“My magic is not makeshift!” I quickly let go of Carter wound as he groaned in pain.

    “Ladies please, I just had an ice particle shot through my stomach- somebody say a reverse spell or something! Jostile, you are the only witch here- please.”
    Jostile simply laughed and nodded.

    “Its not magic at all…” She flicked her finger towards me as a large blue and silver book flew off the shelf and next to Carter. “When you’re done, then leave it with the rest of the element books you must avoid.”

    I rolled my eyes and pulled the ton book towards me, “Open me to a page, I’m shade not a witch, i have no idea how to work this book.”

    The book quickly shot open to a page. I watched as Jostile did a devious laugh- she was enjoying my pain.
    “Read it.” Carter gasped for air. “Please.”

    “Uh- this is in Latin… sorry I only took Spanish in school.”

    “Try.” Jostile did another devious laugh.

    “Uh-Congelo supra Frigidus cito… hmm that didn’t sound good.”

    Just then the phone rang and fear jolted through my body. The last thing I needed was for someone to request to come to my apartment with Carters blood all over my floor and witch near my bookcase.

    “I’ll get it.” I whispered as I slowly walked to the phone. I could see my life flash in front of my eyes.
    A crying woman was on the other side.
    “What’s wrong?” I hesitated.

    “It’s your father. A spell has been cast upon him and he’s been frozen solid.”

    I froze as I looked at Carter with confusion.
    “Don’t worry, uh- Mom. I’ll take care of it.” I whispered as I hung up the phone slowly. “You gave me the wrong spell.”

    “No right spell, wrong person doing it!” Jostile finally moved from her corner and slid of the floor next to Carter.
    The words that flowed through her mouth were sheer perfection, and I could understand why she took pride in the craft in which she does.
    Once Carters wound healed, she looked at me.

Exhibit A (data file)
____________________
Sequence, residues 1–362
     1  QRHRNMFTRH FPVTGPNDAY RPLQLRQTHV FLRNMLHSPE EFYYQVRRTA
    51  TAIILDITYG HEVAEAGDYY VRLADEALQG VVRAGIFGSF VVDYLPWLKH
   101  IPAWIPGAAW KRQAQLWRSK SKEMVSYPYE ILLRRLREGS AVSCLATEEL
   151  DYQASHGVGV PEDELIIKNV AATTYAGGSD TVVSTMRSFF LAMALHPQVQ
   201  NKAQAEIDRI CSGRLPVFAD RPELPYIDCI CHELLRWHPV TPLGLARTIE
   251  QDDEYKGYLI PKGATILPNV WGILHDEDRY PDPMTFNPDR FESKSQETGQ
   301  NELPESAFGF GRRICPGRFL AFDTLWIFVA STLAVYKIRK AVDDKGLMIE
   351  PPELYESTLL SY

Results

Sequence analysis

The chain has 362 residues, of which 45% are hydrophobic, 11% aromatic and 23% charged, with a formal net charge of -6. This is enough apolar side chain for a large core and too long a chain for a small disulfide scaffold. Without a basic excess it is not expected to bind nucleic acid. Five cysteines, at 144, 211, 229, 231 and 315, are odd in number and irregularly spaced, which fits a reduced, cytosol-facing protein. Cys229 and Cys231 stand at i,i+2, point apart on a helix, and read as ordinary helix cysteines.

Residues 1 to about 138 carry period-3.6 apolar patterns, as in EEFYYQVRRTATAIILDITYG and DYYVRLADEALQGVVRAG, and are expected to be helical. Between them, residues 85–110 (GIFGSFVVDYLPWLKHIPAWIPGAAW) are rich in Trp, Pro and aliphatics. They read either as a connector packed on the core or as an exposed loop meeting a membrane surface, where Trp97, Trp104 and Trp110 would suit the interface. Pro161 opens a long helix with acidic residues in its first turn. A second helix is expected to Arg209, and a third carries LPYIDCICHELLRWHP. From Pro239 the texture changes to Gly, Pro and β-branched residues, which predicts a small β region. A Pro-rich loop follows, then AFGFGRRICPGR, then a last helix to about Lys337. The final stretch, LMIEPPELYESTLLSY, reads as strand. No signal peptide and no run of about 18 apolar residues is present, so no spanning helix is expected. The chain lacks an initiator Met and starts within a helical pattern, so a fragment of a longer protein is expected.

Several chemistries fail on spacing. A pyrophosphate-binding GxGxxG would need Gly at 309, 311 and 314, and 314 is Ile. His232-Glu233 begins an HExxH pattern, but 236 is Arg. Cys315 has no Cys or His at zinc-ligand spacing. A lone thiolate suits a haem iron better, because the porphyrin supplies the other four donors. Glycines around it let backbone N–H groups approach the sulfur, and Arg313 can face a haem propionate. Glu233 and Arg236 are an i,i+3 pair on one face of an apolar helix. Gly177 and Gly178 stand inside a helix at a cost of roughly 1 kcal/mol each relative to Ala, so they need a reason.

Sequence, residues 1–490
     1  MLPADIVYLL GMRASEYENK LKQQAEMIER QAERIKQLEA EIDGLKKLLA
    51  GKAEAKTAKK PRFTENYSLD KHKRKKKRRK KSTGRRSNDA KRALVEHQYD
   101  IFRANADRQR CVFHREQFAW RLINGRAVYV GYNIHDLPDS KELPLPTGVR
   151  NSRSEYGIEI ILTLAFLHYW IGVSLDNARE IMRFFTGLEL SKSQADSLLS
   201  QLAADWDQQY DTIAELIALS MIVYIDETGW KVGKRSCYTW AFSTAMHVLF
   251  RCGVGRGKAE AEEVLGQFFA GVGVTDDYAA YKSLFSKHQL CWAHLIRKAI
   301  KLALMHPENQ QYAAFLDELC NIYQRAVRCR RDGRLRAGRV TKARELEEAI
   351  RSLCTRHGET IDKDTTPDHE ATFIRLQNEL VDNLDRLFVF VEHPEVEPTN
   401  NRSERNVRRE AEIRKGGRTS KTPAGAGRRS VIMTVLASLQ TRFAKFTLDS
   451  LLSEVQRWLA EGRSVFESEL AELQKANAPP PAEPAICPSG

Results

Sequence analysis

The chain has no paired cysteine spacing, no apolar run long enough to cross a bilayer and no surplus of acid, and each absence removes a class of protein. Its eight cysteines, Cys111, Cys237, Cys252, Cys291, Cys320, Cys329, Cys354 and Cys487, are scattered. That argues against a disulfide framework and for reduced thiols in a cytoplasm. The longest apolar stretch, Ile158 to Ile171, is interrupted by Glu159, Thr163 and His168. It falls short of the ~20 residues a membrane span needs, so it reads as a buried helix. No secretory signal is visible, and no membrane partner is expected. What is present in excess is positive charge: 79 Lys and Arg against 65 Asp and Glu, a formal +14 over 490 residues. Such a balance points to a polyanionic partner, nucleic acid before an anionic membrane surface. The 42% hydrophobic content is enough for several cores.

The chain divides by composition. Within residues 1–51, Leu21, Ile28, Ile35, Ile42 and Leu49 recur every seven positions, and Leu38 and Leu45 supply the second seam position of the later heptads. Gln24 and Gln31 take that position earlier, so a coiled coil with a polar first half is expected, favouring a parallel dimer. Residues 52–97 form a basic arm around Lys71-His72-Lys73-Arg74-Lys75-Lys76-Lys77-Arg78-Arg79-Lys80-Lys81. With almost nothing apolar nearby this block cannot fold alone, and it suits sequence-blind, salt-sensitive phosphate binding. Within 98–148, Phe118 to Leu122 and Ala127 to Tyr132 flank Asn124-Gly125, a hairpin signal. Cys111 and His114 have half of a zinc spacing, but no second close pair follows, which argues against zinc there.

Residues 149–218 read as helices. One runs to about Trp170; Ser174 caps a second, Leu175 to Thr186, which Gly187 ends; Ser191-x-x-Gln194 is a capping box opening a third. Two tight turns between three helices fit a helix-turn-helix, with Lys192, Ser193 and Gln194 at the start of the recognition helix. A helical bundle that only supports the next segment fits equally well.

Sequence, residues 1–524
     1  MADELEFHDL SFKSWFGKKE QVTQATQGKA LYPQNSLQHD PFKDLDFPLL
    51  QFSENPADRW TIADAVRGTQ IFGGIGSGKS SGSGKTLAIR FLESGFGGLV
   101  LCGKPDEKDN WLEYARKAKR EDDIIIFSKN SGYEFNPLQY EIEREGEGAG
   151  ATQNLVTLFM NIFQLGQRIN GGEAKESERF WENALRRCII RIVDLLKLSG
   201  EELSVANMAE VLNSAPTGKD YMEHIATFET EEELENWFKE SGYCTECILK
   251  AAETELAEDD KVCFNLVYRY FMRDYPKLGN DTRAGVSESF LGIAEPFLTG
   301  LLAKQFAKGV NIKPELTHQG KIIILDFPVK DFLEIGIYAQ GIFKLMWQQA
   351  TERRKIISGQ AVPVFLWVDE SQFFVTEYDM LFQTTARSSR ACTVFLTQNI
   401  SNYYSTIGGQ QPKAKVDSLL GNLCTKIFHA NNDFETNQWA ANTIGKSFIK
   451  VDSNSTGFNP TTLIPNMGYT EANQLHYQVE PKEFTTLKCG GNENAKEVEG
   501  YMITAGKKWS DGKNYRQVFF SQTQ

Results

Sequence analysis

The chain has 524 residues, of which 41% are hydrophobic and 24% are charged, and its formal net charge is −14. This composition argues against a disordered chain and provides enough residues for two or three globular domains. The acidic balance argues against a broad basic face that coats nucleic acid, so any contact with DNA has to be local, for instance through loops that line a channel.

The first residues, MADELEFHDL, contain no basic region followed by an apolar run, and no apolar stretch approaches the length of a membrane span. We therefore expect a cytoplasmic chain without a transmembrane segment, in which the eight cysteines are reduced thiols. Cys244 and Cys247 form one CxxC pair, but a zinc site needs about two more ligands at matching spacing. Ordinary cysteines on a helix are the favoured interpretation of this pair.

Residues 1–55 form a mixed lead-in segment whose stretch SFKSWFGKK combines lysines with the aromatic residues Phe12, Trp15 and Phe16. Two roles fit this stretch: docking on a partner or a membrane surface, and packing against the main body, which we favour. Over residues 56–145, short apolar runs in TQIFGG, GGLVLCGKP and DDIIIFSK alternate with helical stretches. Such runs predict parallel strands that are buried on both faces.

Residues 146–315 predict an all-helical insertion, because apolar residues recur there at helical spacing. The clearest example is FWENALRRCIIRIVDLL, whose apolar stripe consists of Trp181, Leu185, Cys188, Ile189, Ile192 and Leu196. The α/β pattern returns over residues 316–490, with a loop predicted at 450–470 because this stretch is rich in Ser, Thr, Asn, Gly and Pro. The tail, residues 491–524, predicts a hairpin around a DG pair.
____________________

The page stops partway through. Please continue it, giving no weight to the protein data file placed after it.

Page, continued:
“What did that lady want?”

    “She told me I had froze my father because a spell had been cast upon him.”
    An eerie silence wondered around all of us.

    “But I thought your parents were dead?”
    Me too…

  69. Ahsuniv says:

    Mort felt his eyes droop as the late afternoon sun filtered through his window. His mobile’s ringtone echoed through the hall making Mort jerk awake. Everyone in the office turned their heads in his direction in response to the ringing. He grabbed the phone from his desk in a hurry and answered it in a whisper.

    ‘Hey mom. What is it?’

    ‘Mort, It’s your father. He’s frozen!’ Said the panicked voice of his mother from the other end.

    ‘Not again’, he thought, as he buried his face in his hands.

    ‘Don’t worry mom, I’m coming right over…’

    Mort slapped his forehead for his stupidity. He couldn’t believe that he had forgotten. He was supposed to go to the old age shelter in the afternoon break to pick up his father.

    ‘Perhaps it’s mom’s amnesia running in my blood’, he thought.

    He rushed out of the office, grabbed his jacket and car keys and drove to the shelter.

    His mother being an amnesia patient had to be shifted to an old age home a couple of weeks ago. His father visited her twice a week. It was Mort’s job to drop him there while going to work and pick him up in the noon.

    If he delayed picking him up, his mother and father often picked up an argument that led to his mother’s inner genie coming out.

    It is unintentional on her part as she doesn’t remember in the slightest that she is a genie. For some reason, the genie in her only emerges when dad is around.